FIG. 7 depicts an exemplary stator assembly intended to straddle the side of the magnetic structure such that it produces a magnetic circuit between the North and South poles of the magnetic sources as the magnet is rotated relative to the stator assembly. The core element include core element portions and common core element portion. As shown a coil is shown being wound about a common core element portion of the stator assembly that is between two core element portions of the assembly. Alternatively or additionally one or more coils could be wound around the core element portions at some location that is beyond the radius of the magnetic structure.

FIG. 8A depict top and side views of the stator assembly of FIG. 7 as positioned to straddle the magnetic structure. It should be noted that the length of the two core element portions was arbitrarily selected to provide spacing between the coil and the magnetic structure. It should be also noted that it is desirable that the spacing between the core elements and the magnetic structure be minimal to maximize magnetic flux. Under one arrangement, the coil portion of the stator assembly would be covered or otherwise sealed such that ferromagnetic fluid could be placed into the air gap between the two core element portions and the magnetic structure.

FIG. 9A-9C depicts alternative shapes for the core element portions of stator assemblies used to straddle a magnetic structure as well as alternative locations for coils associated with the core element portions of the stator assemblies. FIG. 9A depicts a stator assembly where the core elements have a portion that approaches the magnetic structure from both sides at 90 degree angle. This approach allows more core element material to be used and more coils to be used.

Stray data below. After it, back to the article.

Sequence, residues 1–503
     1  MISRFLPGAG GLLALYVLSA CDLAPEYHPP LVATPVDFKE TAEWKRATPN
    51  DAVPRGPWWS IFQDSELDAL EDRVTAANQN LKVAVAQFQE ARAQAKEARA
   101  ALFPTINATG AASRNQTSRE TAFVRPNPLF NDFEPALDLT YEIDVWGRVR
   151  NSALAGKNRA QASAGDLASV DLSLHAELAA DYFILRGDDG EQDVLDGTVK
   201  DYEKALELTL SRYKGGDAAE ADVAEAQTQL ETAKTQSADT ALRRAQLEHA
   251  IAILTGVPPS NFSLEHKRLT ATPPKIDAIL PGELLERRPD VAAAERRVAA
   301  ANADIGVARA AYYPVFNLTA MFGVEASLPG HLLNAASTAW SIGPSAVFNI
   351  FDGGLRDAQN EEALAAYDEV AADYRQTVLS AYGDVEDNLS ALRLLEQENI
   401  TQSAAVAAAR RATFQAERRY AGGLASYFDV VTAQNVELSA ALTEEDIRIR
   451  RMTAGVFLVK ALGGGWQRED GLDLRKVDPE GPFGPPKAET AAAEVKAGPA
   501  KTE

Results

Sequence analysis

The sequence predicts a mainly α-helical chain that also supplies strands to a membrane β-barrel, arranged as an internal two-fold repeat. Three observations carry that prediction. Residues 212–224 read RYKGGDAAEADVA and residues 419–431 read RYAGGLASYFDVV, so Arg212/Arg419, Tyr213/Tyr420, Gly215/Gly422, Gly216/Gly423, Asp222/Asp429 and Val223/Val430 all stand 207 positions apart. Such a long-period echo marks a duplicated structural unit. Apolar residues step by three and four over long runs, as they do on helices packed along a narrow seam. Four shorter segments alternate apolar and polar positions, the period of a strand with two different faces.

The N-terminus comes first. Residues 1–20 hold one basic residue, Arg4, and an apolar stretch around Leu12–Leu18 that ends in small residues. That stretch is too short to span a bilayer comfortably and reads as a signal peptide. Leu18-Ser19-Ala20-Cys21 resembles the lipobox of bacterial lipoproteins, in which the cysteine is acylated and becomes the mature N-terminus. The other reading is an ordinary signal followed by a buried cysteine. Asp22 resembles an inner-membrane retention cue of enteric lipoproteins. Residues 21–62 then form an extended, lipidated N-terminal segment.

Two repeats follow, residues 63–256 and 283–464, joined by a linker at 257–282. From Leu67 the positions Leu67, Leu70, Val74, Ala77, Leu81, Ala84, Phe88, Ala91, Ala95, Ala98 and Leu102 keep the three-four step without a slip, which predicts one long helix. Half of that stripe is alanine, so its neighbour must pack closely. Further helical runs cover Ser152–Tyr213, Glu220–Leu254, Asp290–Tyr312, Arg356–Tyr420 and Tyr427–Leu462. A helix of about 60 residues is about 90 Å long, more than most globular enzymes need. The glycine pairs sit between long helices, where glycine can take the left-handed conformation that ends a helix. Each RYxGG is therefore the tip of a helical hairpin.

In an embodiment, the core element may include a coil element portion of a first dimension for winding a coil. The first dimension may be the width of the coil element portion. The coil element portion may be the portions of the core element upon which the coil is wound. The coil element portion may be the portion as shown in FIG. 9A that does not approach the magnetic structure from the sides. The core element may further include an interface portion, of a second dimension, positioned closer to the circular magnetic structure than the coil element portion. The second dimension may be the width of the interface portion, which may be greater than the first dimension. For example, the interface portion of the core element may be a portion shown in FIG. 9A which approaches the magnetic structure.

FIG. 9B depicts a portion of the core element being shaped so as to more closely match the shape of the magnetic sources. In a plane perpendicular to the rotation axis of the circular magnetic structure, the interface portion has a cross sectional shape dimensioned to correspond to the shape of an emission region. For example, the interface portion in FIG. 9B is shaped like a wedge similarly to the wedge shaped emission regions of the circular magnetic structure in FIG. 4A.

FIG. 9C depicts varying the thickness of the core elements in such a way as to account for difference in flux produce at different radial distances from the center axis of the magnetic structure. As such, the coil and core element could be designed to maximize flux output while minimizing core element material and wire used in the generator.

FIG. 10A depicts a non-conductive non-magnetic stator assembly alignment template that is used to position multiple stator assemblies around the perimeter of a ring magnetic structure. The template may align at least one stator assembly with a circular magnetic structure. Stator assemblies such as shown in FIG. 7 can be individually placed into the alignment templates as part of the assembly process, whereby additional power generation can be achieved by adding additional stator assemblies.

FIG. 10B depicts a stator assembly placed within two alignment templates and thereby positioned to straddle a magnetic structure.